The arrest in Peru of a boss of Colombia’s biggest criminal network, the Urabeños, not only has transnational implications, but may affect the battle for control of Medellin, the jewel in Colombia’s criminal crown.
Don Leo has had a long and diverse career in the Colombian underworld, starting out in the Maoist rebel group, the People’s Liberation Army (EPL), before joining the paramilitary United Self-Defense Forces of Colombia (AUC), fighting under the command of Carlos Mario Jimenez Naranjo, alias “Macaco.” Later, he worked for trafficker Daniel Rendon Herrera, alias “Don Mario,” whose drug network would become known as the “Urabeños.”
Don Leo rose to become a powerful figure in the Urabeños, leading the group’s operations in the strategic region of Bajo Cauca, in Antioquia province. It lies between the economic hub of Medellin and the Caribbean coast, making it a crucial spot to control for gangs transporting drugs from where they are grown in the Andes Mountains, to the departure points along the coast.
(See InSight Crime’s profile of the Urabeños)
Once released from a spell in prison in 2011, Don Leo was sent to oversee the Urabeños’ take-over in Bajo Cauca. Under his command, the group pounded the rival Rastrojos until they were forced to make a deal and withdraw from much of the area.
On a 2012 trip to Bajo Cauca, InSight Crime investigated Don Leo’s criminal fiefdom. Here the Urabeños levy “taxes” on even the most humble residents in the areas under their power, demanding a few dollars a week from people who sell chewing gum on the street, up to $5,000 per mechanical digger operated by illegal gold miners.
After consolidating his power in Bajo Cauca, it was time to turn to the prize of Medellin. In late 2012, there were reports that Don Leo had been put in charge of taking the city, a project that the Urabeños have been working on for some time. The group is battling to take Medellin from the long-established Oficina de Envigado, a mafia group that grew out of Pablo Escobar’s Medellin Cartel.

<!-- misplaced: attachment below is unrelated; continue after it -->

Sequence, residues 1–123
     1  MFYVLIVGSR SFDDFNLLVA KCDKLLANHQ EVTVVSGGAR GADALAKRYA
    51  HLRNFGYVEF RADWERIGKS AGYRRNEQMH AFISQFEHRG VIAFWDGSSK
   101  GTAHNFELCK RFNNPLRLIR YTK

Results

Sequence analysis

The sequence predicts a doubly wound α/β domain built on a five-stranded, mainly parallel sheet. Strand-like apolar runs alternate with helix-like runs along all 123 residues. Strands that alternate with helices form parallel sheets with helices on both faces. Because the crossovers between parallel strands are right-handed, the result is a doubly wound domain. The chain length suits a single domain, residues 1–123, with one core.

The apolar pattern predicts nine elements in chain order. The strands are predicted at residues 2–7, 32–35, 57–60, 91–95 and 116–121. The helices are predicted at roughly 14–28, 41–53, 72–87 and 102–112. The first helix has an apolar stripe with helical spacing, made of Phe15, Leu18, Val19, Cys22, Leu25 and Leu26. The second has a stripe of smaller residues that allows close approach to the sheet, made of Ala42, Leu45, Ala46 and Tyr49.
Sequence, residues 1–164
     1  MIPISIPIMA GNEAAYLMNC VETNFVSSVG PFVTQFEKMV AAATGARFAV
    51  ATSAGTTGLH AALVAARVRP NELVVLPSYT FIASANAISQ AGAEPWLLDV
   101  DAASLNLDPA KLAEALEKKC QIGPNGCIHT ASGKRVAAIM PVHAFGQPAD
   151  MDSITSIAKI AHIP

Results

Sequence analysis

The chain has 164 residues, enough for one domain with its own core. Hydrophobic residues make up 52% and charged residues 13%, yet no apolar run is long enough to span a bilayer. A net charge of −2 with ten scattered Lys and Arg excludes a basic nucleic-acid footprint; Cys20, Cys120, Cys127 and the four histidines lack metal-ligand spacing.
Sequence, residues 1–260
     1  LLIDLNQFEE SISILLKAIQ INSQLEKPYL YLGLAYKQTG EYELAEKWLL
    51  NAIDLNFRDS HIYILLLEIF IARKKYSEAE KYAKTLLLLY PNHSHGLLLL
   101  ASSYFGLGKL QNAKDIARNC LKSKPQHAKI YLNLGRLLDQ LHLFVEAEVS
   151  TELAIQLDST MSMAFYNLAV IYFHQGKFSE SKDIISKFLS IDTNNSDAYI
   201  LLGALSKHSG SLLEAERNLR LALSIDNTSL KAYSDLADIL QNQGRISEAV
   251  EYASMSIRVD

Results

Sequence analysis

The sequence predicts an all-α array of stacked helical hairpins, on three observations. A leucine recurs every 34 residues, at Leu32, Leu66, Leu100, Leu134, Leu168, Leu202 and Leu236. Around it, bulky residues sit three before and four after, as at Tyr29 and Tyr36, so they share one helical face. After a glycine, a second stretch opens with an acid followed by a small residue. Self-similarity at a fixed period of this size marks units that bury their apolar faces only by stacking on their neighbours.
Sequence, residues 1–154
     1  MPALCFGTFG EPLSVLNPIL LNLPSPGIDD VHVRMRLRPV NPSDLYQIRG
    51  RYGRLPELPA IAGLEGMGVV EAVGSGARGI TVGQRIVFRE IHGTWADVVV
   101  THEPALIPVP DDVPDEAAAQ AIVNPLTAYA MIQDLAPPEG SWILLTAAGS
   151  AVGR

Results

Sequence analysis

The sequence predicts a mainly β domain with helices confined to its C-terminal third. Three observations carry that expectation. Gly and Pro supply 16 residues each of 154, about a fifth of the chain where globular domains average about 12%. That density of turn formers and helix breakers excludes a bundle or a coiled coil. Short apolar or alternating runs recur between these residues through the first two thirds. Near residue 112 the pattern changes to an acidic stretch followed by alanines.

The two powerful criminal networks are currently engaged in a war without quarter for control of Medellin’s street gangs, or “combos,” the city’s lucrative drug markets and its crucial drug shipment routes. Don Leo’s role became even more important after the Urabeños lead representative in Medellin, Henry de Jesus Lopez, alias “Mi Sangre,” was captured in October 2012.
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According to Colombia’s national police chief, Jose Roberto Leon Riaño, it was this battle for Medellin that brought Don Leo to Peru, as Caracol Radio reported. He left Colombia for Ecuador in October 2012, before arriving in Peru on January 21, using his brother’s passport. The aim of the trip was to make contacts with weapons traffickers, in order to arm the Urabeños for gang war with the powerful Oficina de Envigado, said the police chief. A supply of heavy weapons is a vital part of the Urabeños’ plan to take control of Medellin — the group has reportedly been working to buy the loyalty of local combos by giving them military-grade weapons.
Don Leo is the latest of a string of high-ranking Urabeños to be captured or killed. The group lost one of its top leaders, Juan de Dios Usuga, alias “Giovanni,” when he died in a security forces raid in January 2012. Two of his brothers were arrested in Colombia in May that year, followed by the arrest of another brother, Alexander Montoya Usuga, alias “El Flaco,” in Honduras. Mi Sangre, who had headed the Medellin operations, was captured in Argentina in October.
The international nature of these recent arrests points both to the Colombian authorities’ ability to exert so much pressure on these figures that they find it safer to be abroad, and to the authorities’ capacity to cooperate with other countries in the region. The Lima arrest, for example, was carried out by Peruvian police working with Colombian intelligence. The broad geographic scope also gives an indication of the international reach of the Urabeños.
Don Leo’s capture will be a blow for the Urabeños, and particularly for their prospects of taking control of Medellin, though, like Mi Sangre, he clearly was not personally overseeing operations in the city. The Colombian police describe Don Leo as a top leader of the Urabeños. However, a remaining Usuga brother, Dario Antonio, alias “Otoniel,” is thought to be the group’s overall leader. If Don Leo is extradited to the United States, as has been requested, it would likely end his communication with his forces in Colombia, forcing the rise of a new leader from within the Urabeños.